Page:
30 Sep 2004 | Don Schenck said...

I like what Rush Limbaugh is calling this so-called debate: "Joint press conference".

About right. *sigh*

30 Sep 2004 | Gene said...

If Bush wins I'm moving to Canada...

30 Sep 2004 | RMCox said...

Wait, another thread where a guy who used cocaine is arguing with a guy who's a flip-flopper?!

It's obvious that these debates have had the life sucked out of them. Everything to spin has been spun, and it will again. There's good bits in there for Kerry, good bits for Bush. The same media that can be used to manipulate our desires to choose one product over another is being used here too. Coke or Pepsi. Mac or PC. Maybe instead of debates they should do a taste-test. On sheets of paper write out each candidates record and proposed future plans without a name attached, then have the people pick based on that.

30 Sep 2004 | Paperhead said...


They already did.


BTW, about that flip-flopping

30 Sep 2004 | JOhn KErry said...

John Kerry, August 9th:
On Friday, Bush challenged Kerry to answer whether he would support the war "knowing what we know now" about the failure to find weapons of mass destruction that U.S. and British officials were certain were there. In response, Kerry said: "Yes, I would have voted for the authority. I believe it was the right authority for a president to have."

John Kerry, September 29th:
"We should not have gone into Iraq knowing today what we know," Kerry told ABC. "Knowing there was no imminent threat to America, knowing there were no weapons of mass destruction, knowing there was no connection between 9/11 and Saddam Hussein, I would not have voted to support war."

30 Sep 2004 | Paperhead said...

I really wonder where the clarity is around here these days you know.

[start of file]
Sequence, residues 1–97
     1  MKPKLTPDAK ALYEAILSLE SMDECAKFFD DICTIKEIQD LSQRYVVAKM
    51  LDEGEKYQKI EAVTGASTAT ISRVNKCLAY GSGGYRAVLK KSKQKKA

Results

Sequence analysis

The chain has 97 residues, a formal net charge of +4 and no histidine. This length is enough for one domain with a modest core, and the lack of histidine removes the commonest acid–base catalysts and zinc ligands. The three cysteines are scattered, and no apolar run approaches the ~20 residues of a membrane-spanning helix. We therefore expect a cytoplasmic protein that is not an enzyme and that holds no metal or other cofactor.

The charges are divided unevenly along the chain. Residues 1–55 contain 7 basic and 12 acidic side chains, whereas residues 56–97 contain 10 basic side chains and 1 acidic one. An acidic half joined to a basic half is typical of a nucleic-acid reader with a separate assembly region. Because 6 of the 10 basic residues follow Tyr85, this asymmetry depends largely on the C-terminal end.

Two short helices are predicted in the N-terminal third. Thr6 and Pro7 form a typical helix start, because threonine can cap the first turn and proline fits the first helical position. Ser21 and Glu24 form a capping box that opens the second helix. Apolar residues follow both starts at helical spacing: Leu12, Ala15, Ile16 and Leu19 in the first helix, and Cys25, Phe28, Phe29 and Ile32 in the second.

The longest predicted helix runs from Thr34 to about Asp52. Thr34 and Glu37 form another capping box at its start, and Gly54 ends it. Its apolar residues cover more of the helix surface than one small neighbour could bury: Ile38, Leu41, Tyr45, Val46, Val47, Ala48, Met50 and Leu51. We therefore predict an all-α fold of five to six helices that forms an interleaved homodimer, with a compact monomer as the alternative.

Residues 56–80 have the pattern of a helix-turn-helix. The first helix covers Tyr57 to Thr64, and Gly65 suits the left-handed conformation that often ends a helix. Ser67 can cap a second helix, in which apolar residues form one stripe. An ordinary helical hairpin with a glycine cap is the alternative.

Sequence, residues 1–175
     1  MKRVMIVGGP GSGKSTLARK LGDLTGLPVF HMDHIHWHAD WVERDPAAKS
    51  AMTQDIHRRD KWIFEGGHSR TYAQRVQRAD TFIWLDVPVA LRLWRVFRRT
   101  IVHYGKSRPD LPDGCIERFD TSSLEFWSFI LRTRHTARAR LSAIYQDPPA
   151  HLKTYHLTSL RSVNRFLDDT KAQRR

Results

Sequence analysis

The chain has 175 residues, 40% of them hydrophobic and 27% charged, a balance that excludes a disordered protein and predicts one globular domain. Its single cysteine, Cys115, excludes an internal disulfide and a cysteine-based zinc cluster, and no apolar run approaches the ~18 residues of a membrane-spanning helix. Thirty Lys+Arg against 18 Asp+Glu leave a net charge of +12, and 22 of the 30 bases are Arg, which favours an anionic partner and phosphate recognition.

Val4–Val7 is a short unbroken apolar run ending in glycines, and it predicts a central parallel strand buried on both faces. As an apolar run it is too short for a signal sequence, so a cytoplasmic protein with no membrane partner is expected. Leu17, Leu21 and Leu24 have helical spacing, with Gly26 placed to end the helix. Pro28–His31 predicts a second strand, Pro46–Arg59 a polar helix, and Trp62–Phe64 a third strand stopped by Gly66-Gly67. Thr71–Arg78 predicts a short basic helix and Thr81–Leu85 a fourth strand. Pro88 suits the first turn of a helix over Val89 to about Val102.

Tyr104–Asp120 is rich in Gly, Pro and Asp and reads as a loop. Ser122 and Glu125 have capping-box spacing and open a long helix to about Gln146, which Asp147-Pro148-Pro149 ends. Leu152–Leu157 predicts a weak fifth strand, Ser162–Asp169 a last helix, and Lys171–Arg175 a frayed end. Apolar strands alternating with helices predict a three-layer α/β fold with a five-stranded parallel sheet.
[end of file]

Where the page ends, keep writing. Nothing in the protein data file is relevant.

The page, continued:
In the first quote from August, Kerry is clearly talking about the vote to give the president the power to take the country to war. This is NOT the same thing as Kerry voting to go to war. Here, I'll give you the quote from Kerry in the Senate

"Let there be no doubt or confusion...I will support a multilateral effort to disarm [Hussein] by force, if we ever exhaust those other options as the president has promised. But I will not support a unilateral U.S. war against Iraq unless that threat is imminent and the multilateral effort has not proven possible."

In the second quote he states that he thinks the USA should not have gone into Iraq, not that the President shouldn't have had the authority.

Essentially it hinges on this: Bush promised to exhaust all other possibilities before engaging in a multilateral invasion of Iraq, but 1) he didn't exhaust all of the options, and 2) he engaged in a unilateral invasion of Iraq.

Bush lied.

30 Sep 2004 | Eamon said...

You do know there's a difference between giving the authority to go to war and supporting the move to go war, right?

Anyway, this flip-flop charge is the silliest thing ever. All politicians flip-flop. It's not like President Bush is Mr. Rock Steady.